Despite my love of clinic days, Orthopaedic Clinic Days are proving extremely demotivating.
On a clinic day we see more than 200 patients. We are an extremely stretched department but we try extremely hard to keep our patients functional. By far the majority of South Africans are reliant on their hands and feet for their daily work, and so it is important that we preserve their ability to make a living. And we make a massive effort to do so.
And yet on clinic days every second patient tells me that they want a Disability Grant. A measly grant that brings 1,1 million South Africans at the most ZAR1,400 (USD112) per month. Hardly a worthy income.
Today again, a young man presented to me seven months after an assault. He had several damaged finger flexors and certainly some difficulty in his non-dominant hand’s range of motion – but he didn’t even come to clinic asking for help. He came to us asking for a Disability Grant.
He was so angry when I started talking about Occupational Therapy and analgesia. He had no interest in them. He kept telling me how he could not possibly work again. I was honestly afraid at one point.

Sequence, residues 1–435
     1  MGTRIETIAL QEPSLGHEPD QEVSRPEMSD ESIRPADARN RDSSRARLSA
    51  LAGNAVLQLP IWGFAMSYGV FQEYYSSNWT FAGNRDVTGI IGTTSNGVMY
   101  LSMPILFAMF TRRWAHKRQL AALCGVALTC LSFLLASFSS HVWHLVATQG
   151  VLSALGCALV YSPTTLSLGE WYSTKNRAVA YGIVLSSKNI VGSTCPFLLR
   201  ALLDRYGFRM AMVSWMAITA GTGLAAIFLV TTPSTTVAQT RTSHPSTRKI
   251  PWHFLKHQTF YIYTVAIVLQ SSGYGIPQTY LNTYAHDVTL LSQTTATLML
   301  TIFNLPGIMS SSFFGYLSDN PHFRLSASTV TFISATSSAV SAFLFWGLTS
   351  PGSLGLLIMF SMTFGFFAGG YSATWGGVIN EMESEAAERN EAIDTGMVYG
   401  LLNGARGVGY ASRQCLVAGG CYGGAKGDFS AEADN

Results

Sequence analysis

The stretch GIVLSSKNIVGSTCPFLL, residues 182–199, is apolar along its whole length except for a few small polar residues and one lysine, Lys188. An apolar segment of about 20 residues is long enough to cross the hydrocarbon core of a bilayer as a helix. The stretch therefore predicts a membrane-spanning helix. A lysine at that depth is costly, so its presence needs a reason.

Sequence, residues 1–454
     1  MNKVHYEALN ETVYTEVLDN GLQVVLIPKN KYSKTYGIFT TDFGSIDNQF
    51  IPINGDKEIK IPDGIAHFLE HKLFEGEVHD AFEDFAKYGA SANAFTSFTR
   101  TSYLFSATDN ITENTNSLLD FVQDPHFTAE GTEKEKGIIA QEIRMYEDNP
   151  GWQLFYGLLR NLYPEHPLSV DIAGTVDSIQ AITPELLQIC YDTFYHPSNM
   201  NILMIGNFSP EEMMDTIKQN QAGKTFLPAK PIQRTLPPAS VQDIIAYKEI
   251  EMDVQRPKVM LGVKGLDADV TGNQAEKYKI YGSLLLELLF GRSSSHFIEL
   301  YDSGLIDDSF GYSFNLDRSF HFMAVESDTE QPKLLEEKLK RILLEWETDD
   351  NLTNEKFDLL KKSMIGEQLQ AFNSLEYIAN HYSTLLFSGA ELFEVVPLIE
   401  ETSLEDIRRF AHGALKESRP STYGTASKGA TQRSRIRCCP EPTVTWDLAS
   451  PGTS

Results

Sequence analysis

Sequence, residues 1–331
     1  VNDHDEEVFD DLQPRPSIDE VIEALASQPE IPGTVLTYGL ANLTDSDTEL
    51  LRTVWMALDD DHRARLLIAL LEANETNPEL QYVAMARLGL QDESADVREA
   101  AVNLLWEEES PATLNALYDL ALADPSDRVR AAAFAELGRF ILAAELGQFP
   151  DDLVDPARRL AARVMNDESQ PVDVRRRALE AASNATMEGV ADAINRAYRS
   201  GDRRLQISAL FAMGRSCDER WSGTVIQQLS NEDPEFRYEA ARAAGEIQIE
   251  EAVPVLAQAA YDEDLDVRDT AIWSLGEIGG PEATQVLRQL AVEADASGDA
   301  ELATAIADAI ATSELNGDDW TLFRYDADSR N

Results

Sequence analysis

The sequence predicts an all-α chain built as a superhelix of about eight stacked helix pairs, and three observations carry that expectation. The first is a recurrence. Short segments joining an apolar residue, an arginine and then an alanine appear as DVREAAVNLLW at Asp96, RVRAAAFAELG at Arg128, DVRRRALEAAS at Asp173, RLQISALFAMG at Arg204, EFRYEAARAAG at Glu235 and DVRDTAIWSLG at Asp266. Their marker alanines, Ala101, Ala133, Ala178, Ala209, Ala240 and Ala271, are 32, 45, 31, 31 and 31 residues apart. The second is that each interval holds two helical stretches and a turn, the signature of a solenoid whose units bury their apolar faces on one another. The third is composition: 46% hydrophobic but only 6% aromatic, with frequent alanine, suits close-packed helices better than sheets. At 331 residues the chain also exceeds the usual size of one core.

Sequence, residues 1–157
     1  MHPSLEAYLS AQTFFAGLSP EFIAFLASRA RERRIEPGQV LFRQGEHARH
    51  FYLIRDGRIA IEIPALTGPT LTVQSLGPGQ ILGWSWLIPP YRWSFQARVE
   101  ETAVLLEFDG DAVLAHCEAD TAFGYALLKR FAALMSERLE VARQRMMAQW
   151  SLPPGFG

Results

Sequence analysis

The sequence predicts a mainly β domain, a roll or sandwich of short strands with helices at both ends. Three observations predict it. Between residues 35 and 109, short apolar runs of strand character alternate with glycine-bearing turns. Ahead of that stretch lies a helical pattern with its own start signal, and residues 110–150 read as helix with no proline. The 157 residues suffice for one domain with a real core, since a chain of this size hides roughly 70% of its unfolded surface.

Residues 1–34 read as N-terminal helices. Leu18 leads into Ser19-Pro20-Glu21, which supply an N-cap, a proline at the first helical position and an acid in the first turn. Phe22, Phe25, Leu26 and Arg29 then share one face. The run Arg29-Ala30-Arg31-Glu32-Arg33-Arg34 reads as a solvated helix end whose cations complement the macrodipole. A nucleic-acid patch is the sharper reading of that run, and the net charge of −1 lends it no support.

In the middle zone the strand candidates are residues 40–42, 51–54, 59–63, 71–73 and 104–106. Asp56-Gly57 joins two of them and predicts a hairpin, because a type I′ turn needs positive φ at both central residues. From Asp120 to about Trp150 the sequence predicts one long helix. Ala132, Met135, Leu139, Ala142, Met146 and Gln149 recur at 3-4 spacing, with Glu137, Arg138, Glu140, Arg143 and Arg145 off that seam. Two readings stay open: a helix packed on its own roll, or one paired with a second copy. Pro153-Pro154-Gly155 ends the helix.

But I will not become a rubber stamp.
Every month, 40% of my salary goes straight to tax. And this is partially what it goes towards: disability grants that are so small that they keep their recipients in the claws of poverty.
I won’t be one of the voices that claims that social grants are inherently bad, because I certainly agree that they have their place. But I know that MANY doctors around the country do fill out Disability Grant applications for patients who don’t qualify for them, and many patients have come to expect that. I don’t entirely blame them. Today I spent half an hour explaining to a patient why he did not qualify for a DG; and I’m pretty sure he left thinking that the stupid white doctor just didn’t want him to be happy. It would certainly be easier to tick a few boxes and send the patient on his merry way, thinking I’m the best thing since Polio drops.
Why? Why would people be so eager for a measly grant? Sometimes I think that South Africans haven’t been grown to have hope. To struggle isn’t easy, but so many people have become so used to poverty and pain. It is what people know.
There are amputees who surf. Blind people who work in IT. People without limbs who drive tractors. Young women with CP who fight for their independence every day. And I have to ask myself: what was plowed into their lives that we have not offered to millions of others? Sure, many people simply have the quality of perseverance; but SURELY part of it must be instilled, inspired, cultivated? We triumphed over Apartheid but we forgot to teach people to triumph over the little voice that says “I cannot. It is too hard.”
And this I have come to know: the many who would rather have a DG than attend Occupational Therapy, than seek a job that is disability friendly, than TRY, are really just pathognomonic of our failure to instill hope in our countrymen. We get angry with them, but we should be angry with the system that created them.